For the lemon and parsley butter, preheat the oven to 200C/400F/Gas 6.
Blend the parsley, lemon zest and bread in a food processor.
Tip the breadcrumb mixture into a bowl, add the butter and season, to taste, with salt and freshly ground black pepper. Mix until well combined and spoon into a piping bag. Set aside.
For the roast poussin, carefully slide your fingers under the skin of the poussin to create a pocket on each side of the breasts. Pipe the lemon and parsley butter under the skin and spread the butter out evenly over the breasts.
Place a garlic bulb half and a sprig of thyme into the cavity of each poussin, season with salt and freshly ground black pepper inside and out and tie the legs together with butcher's string.
Heat the olive oil in an ovenproof frying pan, add the poussin and cook for a 2-3 minutes on each breast, or until golden-brown. Transfer to the oven to roast for 15 minutes, or until cooked through. Remove the poussin from the frying pan and set aside to rest for five minutes.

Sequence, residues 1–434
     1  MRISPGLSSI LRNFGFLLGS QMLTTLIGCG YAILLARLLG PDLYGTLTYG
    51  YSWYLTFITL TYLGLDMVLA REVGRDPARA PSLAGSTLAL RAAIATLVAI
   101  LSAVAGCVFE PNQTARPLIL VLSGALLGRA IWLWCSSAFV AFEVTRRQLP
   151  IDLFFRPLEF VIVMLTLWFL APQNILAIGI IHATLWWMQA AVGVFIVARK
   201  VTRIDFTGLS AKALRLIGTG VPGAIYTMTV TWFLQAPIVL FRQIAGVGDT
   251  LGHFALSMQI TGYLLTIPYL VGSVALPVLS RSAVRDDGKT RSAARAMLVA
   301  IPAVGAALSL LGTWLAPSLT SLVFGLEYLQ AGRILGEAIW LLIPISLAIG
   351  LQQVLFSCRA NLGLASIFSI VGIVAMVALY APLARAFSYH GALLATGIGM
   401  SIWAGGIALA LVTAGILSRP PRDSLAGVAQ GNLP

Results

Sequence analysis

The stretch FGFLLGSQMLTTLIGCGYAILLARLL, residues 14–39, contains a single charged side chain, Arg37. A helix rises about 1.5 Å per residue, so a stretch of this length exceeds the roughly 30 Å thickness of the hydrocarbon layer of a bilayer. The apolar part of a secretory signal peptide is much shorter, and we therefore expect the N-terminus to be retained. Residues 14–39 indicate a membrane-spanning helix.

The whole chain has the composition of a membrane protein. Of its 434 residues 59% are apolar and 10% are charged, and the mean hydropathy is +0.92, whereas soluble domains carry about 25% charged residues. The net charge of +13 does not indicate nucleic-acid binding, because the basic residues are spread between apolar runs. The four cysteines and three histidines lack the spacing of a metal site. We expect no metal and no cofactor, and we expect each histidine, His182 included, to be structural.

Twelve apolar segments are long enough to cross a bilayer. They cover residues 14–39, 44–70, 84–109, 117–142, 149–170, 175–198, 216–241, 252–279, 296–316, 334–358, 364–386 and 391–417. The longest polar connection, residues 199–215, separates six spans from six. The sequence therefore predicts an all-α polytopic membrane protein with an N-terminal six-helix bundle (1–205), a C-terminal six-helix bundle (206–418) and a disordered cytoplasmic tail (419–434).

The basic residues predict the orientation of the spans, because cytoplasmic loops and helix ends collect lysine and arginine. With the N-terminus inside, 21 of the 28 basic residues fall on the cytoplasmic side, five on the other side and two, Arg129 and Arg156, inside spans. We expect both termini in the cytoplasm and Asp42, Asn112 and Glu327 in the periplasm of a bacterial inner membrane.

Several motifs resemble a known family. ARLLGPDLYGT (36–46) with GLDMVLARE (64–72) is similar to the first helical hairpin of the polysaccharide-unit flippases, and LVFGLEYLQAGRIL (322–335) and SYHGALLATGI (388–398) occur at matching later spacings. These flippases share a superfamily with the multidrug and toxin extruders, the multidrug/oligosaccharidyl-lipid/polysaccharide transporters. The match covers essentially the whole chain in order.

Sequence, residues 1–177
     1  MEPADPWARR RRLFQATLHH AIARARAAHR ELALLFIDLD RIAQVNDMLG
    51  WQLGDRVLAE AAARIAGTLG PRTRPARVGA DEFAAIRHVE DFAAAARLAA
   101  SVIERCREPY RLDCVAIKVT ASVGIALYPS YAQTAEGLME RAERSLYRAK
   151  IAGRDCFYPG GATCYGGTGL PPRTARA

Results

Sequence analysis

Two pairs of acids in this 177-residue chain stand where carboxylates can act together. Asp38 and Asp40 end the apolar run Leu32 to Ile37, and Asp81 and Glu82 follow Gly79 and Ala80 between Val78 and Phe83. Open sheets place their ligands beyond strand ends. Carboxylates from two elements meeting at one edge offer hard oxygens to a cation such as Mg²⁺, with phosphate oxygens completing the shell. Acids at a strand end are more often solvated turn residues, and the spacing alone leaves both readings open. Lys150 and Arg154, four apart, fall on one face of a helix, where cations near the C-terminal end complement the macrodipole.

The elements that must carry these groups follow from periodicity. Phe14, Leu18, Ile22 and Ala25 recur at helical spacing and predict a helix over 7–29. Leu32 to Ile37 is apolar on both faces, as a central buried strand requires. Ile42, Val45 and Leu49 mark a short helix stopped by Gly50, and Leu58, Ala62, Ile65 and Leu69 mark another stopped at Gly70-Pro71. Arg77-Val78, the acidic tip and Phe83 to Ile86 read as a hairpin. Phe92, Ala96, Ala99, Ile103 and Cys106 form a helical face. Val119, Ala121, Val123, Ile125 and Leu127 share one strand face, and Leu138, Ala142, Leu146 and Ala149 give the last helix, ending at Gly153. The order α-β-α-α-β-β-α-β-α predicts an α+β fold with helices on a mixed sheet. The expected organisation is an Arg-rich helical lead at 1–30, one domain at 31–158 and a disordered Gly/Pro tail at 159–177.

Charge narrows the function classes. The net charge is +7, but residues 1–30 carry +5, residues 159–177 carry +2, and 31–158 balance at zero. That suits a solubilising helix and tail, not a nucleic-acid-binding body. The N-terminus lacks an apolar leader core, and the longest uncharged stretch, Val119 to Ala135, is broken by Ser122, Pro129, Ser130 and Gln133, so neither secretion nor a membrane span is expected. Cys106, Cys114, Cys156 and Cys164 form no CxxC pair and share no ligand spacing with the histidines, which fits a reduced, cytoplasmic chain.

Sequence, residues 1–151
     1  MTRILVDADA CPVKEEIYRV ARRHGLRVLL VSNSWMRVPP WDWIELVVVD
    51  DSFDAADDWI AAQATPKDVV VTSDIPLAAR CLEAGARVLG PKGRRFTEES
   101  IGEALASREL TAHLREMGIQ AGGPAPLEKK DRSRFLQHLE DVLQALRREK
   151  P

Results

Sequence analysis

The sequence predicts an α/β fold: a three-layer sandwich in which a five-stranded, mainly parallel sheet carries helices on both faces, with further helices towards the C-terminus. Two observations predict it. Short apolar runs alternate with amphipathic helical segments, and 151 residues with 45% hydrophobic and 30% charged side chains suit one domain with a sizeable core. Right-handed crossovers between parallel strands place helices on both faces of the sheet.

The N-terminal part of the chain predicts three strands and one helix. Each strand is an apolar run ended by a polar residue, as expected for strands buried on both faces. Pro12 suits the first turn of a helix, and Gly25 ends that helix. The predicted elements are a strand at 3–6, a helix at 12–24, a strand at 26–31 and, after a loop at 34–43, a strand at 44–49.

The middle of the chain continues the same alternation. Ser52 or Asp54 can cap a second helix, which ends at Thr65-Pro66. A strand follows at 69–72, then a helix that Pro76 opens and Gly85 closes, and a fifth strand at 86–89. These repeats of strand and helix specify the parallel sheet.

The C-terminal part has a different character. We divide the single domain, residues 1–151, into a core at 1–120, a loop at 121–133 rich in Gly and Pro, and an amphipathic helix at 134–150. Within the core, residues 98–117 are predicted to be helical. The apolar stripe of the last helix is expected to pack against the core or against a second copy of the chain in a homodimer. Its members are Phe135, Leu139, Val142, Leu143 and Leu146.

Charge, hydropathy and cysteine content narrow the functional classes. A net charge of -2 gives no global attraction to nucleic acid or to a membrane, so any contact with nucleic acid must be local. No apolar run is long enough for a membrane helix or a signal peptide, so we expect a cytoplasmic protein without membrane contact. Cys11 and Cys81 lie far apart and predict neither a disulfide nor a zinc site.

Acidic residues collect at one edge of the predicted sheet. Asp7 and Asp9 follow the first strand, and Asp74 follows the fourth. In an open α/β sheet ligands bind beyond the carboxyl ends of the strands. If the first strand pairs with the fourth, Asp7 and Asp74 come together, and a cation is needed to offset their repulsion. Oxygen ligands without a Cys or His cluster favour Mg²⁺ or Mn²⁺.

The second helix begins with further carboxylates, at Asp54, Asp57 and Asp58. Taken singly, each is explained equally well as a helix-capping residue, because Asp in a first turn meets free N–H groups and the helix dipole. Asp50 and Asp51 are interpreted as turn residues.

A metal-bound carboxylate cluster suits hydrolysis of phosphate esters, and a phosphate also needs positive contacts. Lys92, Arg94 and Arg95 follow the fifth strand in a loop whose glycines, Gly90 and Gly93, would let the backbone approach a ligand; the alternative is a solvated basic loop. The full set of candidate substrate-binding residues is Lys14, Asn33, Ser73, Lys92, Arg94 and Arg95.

For the morels, broad beans and spätzle; add the lemon juice, shallots and morels to the same pan used to cook the poussin and fry for one minute. Add the broad beans and peas, season with salt and freshly ground black pepper and cook for a further minute. Stir in the butter and then set aside.
Place the flour into a large bowl and make a well in the centre, add the eggs and gradually bring in the flour from the sides to form a runny dough. Add the crème fraîche and season with salt and freshly ground black pepper.
Set a metal steamer over a pan of boiling water. Spoon the dough into the steamer and push it through the holes with a spatula. Remove the steamer and using a slotted spoon, carefully lift out the spätzle once they float to the surface.
Stir the spätzle into the morel mixture.
To serve, remove the breasts and legs from the poussin, reserving any residual juices from the meat.
Spoon the morel mixture onto the centre of two serving plates, place the breasts on top and the legs alongside. Spoon over any reserved juices.
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James Martin takes a look back at some of his favourite recipes and best moments.
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